Searching for Sequoyah’s co-producer and cinematographer James M. Fortier and myself, co-producer and screenwriter, are working along with Dr. Jace Weaver, Director of UGA’s Institute for Native American Studies, and University of Oklahoma professor Dr. Joshua Nelson (Cherokee) on the new documentary.  We interviewed Sequoyah’s lineal descendants in Tahlequah, OK in March along with Dr. Daniel Justice, (Cherokee) who traveled from University of British Columbia, Vancouver for the film project.  We are very grateful that he came for the filming. We will will likely continue to work on the project for the next couple of years.  Perhaps longer. 2016-03-11 03.27.02.jpgPictured left to right.  Winnie Guess Perdue, Joshua Nelson, and John Ross.  Both Perdue and Ross are direct descendants of Sequoyah.

P3100489.JPGLeft to right: Joshua Nelson, Grace Milley, and Jace Weaver on the grounds at the Cherokee Museum.  March 2016. 

P3130527.JPGJames Fortier filming in downtown Tahlequah. 

2016-03-11 09.52.17.jpgLeft to right: Joshua Nelson, Grace Milley, Daniel Justice, (me) and Matt Jennings dining after a day of filming in Tahlequah.

March 17-20, 2016 Native American Literature Symposium, NALS, Albuquerque, New Mexico.

P3190536.JPGThe highpoint of this year’s Native American Literature Symposium (NALS) 2016 was a children’s dance they performed for the conference goers.  This is our 16th year for hosting NALS. 

P3200540.JPGPictured left to right are Miriam Brown Spiers, Padraig Kirwan, and myself, NALS 2016. Padraig and I are editing a collection of essays, “Transatlantic Reciprocity: Contextualizing Exchanges between the Choctaw & the Irish. “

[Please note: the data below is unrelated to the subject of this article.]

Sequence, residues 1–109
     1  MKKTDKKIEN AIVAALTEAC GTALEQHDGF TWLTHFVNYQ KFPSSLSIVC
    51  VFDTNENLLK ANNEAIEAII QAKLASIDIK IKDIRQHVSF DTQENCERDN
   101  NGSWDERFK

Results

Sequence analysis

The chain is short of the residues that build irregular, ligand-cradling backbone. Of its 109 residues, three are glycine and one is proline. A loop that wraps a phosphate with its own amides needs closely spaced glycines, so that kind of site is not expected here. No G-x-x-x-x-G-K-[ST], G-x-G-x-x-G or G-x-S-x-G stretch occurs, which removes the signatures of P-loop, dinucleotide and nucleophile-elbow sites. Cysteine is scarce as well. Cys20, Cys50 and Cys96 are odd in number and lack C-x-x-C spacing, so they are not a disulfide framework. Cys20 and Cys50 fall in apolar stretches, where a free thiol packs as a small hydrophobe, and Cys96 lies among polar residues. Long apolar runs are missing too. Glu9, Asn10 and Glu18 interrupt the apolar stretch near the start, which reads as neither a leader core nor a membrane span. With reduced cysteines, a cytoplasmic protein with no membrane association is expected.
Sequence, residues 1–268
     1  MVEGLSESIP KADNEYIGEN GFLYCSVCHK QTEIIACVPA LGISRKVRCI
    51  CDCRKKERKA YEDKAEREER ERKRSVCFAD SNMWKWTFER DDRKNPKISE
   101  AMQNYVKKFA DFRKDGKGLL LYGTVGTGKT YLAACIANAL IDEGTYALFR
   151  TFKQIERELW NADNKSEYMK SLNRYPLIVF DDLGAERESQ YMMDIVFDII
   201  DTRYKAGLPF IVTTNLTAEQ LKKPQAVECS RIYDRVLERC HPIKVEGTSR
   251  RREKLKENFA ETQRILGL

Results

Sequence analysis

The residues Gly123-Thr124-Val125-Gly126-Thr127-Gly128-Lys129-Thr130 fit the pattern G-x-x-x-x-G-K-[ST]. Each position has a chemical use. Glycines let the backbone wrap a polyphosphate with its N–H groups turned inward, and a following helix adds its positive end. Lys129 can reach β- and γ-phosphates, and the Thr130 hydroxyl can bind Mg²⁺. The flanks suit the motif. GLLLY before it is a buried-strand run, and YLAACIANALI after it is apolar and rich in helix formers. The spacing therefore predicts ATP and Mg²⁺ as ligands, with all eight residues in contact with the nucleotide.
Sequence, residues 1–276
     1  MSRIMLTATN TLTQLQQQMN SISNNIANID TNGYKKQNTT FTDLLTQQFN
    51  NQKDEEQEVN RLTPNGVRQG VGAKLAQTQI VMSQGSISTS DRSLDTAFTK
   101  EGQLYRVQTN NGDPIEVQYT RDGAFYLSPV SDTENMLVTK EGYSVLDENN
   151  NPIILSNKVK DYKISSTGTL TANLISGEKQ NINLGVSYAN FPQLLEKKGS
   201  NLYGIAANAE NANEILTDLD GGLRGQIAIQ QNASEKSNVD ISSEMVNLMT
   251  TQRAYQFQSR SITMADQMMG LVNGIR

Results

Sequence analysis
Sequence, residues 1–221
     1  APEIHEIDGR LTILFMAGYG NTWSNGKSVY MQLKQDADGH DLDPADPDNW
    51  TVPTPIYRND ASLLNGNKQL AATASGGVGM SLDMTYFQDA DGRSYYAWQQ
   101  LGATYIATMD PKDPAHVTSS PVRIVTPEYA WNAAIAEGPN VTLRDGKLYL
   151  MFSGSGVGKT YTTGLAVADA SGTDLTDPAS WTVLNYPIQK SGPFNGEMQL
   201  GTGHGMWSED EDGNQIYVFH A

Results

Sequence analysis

P3200544.JPGNALS academics 2016, Albuquerque.P3200549.JPGGwen Westerman, left, NALS symposium director.   Craig Howe, keynote speaker at NALS, 2016, far right, and creator of CAIRINS in South Dakota. 

P3200550.JPGIndians sharing a dirty joke.  NALS 2016.  (I don’t know why I say such things.  Everyone knows Indians don’t tell dirty jokes and we don’t laugh. Check out a classic Hollywood western, Indians are not laughing.)

P3200547.JPGMore NALS academics 2016.  All friends and wonderful scholars.  

ABQ, New Mexico was fun, but it’s time to move onto AWP conference in Los Angeles, CA March 30-April 2, 2o16.

P4010563.JPGUGA’s Creative Writing Program hosted an off-site reading during the 2016 AWP conference in LA.  We called our event, “shock and awe.”  (Kidding.) Pictured here are UGA’s very excellent graduate students.P4030461.JPGPictured here with the Vermont College of Fine Arts 35th Anniversary Reading group. We all read from our new work.   Left to right: Bret Lott, Neela Vaswani, Alison Deming, Rigoberto Gonzalez, me, and Ellen Lesser. AWP LA 2016.JPGHere we are at the book signing for Cutthroat Journal’s beautiful new anthology at AWP 2016.   

AWP 2016.  LA has some cool restaurants. See the blue flame below.

P4020590.JPGP4020591.JPG“After the absinthe.” See the blue fire in the glass in the picture above, 2016. Left to right.  Chris, (me), Dean Rader, Jonathan Silverman.  

Hot Off the Press:  Red Ink

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Red Ink. Spring 2016.  Issue 18.1 contains poetry, fiction and drama, an interview with Sherman Alexie. 

That takes me up to my visit at Pembroke NC, and my visit to University of North Florida.  I”ll save that for another post.  Yeah, like I said, this is mostly a diary of what I’ve been doing the last eight weeks or so.  It’s been a busy semester, but I’ve managed to read two great new books, Olio O by Tyehimbia Jess, and  handholding: 5 kinds by Tracie Morris.  Check’em out.  As for me I’ve completed a new book manuscript.  Will see what happens next.

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One Comment leave one →
  1. hollrahp permalink
    May 10, 2016 4:23 pm

    You’re so busy! When do you find time to rest? Keep on producing your lovely and important work!

    On Mon, May 9, 2016 at 10:15 PM, On the Prairie Diamond: The Weblog of LeAnne Howe wrote:

    > LeAnne Howe posted: ” Over the past five months I’ve traveled a great > deal, made new friends, connected with old friends, and read a few new > books, even given readings from my new manuscript. This blog post is > perhaps more of a diary entry because it helps me remember where” >